There are extremely powerful elements in motion all around us: genes that influence fitness, recombination and evolution of those genes in a complex manner, and natural selection of fitter individuals. Our world is a complex soup of competing, genetically-directed individuals in a generational struggle for survival. This almost-inevitible cycle of processes occurs to drive ever-fitter individuals to more "evolved" designs. As Richard Dawkins observed: genes elect, nature selects.
Through various means, nature takes genes (in the form of DNA, the code of life) and mixes them together to create new genes. These genes, carried by individuals, have a large influence on how "fit" an individual will be (to survive, and to create more offspring with genes similar to those that gave rise to the individual). Roughly speaking, the "fitter" an individual is, the more likely they will be able to create offspring in their likeness. The result of this process are strong individuals that are "fit" for their environment, appearing to some as if a conscious mind had designed them explicitly for purpose.
Computer scientists have recognized the tremendous power of this process, and have developed a branch of computer science called "evolutionary programming." Evolutionary programming is one of the main techniques to build Artificial Intelligence (AI) [the other main technique is "neural networks"].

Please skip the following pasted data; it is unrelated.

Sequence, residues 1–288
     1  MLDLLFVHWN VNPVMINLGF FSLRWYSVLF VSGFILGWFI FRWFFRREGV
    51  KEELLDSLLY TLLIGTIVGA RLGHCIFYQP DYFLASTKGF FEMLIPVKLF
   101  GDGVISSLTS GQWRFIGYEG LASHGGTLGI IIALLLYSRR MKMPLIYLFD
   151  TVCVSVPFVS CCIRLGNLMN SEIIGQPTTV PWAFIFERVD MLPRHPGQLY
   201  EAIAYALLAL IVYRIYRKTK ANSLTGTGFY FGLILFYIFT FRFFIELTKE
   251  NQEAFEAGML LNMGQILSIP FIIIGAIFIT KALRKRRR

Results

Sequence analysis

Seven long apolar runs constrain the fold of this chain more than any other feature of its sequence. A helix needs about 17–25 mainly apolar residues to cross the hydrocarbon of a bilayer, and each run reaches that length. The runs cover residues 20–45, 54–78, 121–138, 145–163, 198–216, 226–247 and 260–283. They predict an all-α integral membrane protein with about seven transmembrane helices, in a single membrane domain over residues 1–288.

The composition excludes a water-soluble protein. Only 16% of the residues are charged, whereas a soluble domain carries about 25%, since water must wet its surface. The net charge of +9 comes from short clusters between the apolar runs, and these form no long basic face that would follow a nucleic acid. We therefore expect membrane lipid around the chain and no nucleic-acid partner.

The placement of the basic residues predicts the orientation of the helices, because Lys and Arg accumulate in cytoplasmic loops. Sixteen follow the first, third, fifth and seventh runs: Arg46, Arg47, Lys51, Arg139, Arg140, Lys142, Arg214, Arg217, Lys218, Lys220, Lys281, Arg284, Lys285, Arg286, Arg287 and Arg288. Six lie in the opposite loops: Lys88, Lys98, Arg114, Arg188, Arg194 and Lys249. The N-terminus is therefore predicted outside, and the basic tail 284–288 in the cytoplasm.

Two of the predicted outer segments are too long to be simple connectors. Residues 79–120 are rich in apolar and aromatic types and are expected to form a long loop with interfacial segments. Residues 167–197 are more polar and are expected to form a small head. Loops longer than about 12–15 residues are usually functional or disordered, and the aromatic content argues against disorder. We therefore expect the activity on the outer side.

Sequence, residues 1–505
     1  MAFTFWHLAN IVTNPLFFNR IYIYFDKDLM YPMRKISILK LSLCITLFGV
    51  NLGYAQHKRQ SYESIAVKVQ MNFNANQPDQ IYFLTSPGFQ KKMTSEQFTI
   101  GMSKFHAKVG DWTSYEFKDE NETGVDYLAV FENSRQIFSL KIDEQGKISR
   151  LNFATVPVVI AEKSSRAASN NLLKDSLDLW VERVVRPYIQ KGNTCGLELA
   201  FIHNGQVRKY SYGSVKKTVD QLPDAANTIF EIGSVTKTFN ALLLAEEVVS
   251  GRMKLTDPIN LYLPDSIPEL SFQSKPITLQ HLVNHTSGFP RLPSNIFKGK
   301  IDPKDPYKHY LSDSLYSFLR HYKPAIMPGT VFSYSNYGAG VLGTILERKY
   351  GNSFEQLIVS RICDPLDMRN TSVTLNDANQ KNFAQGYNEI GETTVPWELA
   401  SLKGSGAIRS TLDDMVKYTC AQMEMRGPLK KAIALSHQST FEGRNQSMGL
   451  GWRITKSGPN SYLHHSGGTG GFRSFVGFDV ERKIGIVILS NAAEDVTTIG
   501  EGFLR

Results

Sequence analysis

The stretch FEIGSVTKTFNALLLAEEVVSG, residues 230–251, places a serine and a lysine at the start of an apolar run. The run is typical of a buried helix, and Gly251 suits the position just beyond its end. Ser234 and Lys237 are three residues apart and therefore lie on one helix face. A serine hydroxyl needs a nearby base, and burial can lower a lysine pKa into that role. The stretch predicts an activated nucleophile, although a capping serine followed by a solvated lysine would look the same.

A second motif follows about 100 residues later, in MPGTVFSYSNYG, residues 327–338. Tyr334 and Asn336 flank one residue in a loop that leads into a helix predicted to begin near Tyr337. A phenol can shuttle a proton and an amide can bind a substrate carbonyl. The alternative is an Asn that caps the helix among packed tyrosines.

Using evolutionary computing (and "genetic algorithms" in which algorithms are expressed as data in a gene-like fashion), it is possible to express computer programs in terms of a "gene" that drives behavior and then evolve those application-driving genes over many generations. Initially, such genes can be generated (randomly?) in large numbers, leading to large populations of individuals driven by different genetically-driven behavior.
By mimicking nature, we can select those programs with a higher fitness level to reproduce and pass their genes on--and if these reproductive processes can take advantage of sexual recombination, random mutation, inter-generational carry-over, and other ways to make the genes of programming more diverse and interesting, then it is possible to create a powerful framework for evolving programs from nothing more than a random or primordial soup of code DNA, and just like life on Earth, out of it can emerge (after many generations of many individuals) programs that are very, very good at their purpose in life. The programmer who set this process up may not understand at all how any individual program operates--only that such programs were created as a result of a repeated process of generate, evaluate, recombine, and repeat.
At its core, it is very simple: in code, we emulate a fundamental process at play in nature
Evolutionary Computing has revolutionary applications in many realms, including the following functions: